The main causes of an increased average time for the systematic distribution of blood and blood components, which is the moment that begins when the order is elevated to the blood and blood component that reaches the clinical unit, were analyzed. It was noted that teaching materials and brochures on the need for blood donation, training and education of clinical staff, including the duty nurse in charge, senior nurses and doctors in clinical departments, were distributed. In addition, the technical staff of the blood storage unit were trained to act immediately when they received the application form for the request for blood and blood components. They have also been trained to maintain quality at every stage, from the blood supply from the mother`s blood bank to the distribution of blood, and to monitor and comply with the standards set out in pharmaceutical and cosmetic regulations. All of this helped shorten the processing time in 2012. The patient or companion also completed a survey (feedback) form [Appendix 2] at the end of the blood transfusion to determine satisfaction with the blood transfusion process and was sent to the blood storage unit. An organization planning NABH accreditation can obtain a copy of the NABH accreditation standards and perform a self-assessment of the state of compliance with the standards to ensure that the standards are implemented and integrated into the operation of the hospital. Note: For more details, please read the various documents, including the „General Information Brochure“ available on our website. Organizations can obtain the NABH Accreditation Application Form from the NABH Secretariat or download it from the website. The application form must be accompanied by the required application fee. Hospitals must also submit a signed document „General Conditions for Maintaining NABH Accreditation“. The same can be downloaded from the website. For more information, see Accreditation documents.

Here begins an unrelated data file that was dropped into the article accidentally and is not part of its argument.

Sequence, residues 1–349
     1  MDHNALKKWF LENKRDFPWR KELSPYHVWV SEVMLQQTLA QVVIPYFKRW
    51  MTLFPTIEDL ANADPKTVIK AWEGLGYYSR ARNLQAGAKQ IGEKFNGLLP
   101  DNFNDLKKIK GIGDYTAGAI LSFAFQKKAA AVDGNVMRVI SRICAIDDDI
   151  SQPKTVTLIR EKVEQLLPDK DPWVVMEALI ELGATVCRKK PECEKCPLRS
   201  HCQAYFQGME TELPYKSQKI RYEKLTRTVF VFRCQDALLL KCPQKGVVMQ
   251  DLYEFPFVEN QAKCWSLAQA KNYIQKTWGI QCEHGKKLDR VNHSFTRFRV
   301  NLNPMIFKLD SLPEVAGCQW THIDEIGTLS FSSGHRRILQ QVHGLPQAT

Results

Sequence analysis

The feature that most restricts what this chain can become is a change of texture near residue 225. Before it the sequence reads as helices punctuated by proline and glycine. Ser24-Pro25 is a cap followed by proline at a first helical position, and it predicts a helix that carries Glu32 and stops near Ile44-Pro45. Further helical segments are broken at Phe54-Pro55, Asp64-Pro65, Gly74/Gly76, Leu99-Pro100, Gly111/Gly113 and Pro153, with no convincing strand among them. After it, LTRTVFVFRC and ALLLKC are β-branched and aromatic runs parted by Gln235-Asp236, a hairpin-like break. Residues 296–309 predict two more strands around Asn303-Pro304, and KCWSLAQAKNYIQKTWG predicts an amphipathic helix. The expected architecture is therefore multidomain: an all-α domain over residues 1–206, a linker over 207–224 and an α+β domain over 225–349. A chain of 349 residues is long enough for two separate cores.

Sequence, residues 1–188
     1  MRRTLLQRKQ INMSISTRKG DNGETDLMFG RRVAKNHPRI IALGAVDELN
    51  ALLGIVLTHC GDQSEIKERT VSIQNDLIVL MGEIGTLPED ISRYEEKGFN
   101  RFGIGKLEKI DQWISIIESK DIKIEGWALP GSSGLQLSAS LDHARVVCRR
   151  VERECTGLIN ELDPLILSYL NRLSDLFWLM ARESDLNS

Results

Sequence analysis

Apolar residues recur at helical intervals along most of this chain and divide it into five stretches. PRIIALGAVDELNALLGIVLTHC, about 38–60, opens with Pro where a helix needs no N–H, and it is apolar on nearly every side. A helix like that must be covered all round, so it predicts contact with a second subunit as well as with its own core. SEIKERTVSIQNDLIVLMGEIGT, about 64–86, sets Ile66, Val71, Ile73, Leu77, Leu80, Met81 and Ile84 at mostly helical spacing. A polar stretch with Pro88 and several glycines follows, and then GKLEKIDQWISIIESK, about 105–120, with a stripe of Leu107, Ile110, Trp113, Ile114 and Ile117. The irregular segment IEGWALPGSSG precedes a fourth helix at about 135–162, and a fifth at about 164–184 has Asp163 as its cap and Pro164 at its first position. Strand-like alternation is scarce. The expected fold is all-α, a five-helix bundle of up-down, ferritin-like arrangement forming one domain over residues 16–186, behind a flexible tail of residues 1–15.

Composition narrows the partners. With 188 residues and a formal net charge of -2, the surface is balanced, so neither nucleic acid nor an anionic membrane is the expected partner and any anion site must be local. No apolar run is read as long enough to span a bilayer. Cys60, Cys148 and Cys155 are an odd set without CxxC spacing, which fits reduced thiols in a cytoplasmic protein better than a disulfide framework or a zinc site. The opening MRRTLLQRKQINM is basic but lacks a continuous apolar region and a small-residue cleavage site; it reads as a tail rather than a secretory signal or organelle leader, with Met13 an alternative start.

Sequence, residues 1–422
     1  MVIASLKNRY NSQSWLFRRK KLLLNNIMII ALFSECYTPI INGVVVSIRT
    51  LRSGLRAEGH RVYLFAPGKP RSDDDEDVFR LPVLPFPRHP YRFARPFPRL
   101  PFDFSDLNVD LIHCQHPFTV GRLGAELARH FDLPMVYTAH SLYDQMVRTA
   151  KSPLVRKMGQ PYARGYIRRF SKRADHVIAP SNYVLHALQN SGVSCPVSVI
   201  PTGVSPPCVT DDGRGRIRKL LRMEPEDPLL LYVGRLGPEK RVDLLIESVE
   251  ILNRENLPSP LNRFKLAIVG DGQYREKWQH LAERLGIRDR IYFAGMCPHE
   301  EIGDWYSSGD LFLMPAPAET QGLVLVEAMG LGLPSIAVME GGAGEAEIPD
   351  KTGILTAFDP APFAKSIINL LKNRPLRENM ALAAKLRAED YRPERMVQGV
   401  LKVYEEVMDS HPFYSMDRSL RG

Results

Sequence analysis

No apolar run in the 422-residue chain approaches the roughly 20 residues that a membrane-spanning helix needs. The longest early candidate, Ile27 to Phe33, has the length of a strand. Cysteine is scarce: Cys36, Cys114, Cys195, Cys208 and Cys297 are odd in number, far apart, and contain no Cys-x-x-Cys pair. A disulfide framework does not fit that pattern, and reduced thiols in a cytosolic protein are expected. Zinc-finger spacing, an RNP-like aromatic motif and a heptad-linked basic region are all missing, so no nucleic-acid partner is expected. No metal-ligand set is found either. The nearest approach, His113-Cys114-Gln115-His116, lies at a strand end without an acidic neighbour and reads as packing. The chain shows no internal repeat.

NABH can be contacted by phone, post, e-mail or any other means of communication. Enquiries can be addressed to the Deputy Director of NABH at info([at])nabh.co or by post/fax to the following address: NABH provides information on documents and procedures. NABH also organizes awareness-raising programs in general, as well as at the request of individual organizations. It also leads the applicant organization to different requirements at different stages of accreditation. Hussain (2014) conducted a clinical audit to report transfusion reactions as a quality indicator and reported that non-hemolytic febrile transfusion reactions were the most common.  In 2011, one case of transfusion reaction was reported, which was a non-hemolytic transfusion reaction due to incompatibility. In 2012, transfusion reactions were reduced by certain preventive measures: spelling mistakes were avoided, leading to all kinds of incongruences, and correct identification of patients was carried out, followed by stricter examination of the marking of blood samples for blood type and cross-matching. Correct identification of the recipient and blood bag was performed at the time of initiation of transfusion and careful and accurate observation of the patient during transfusion followed. Unnecessary blood transfusions were avoided. Ness et al.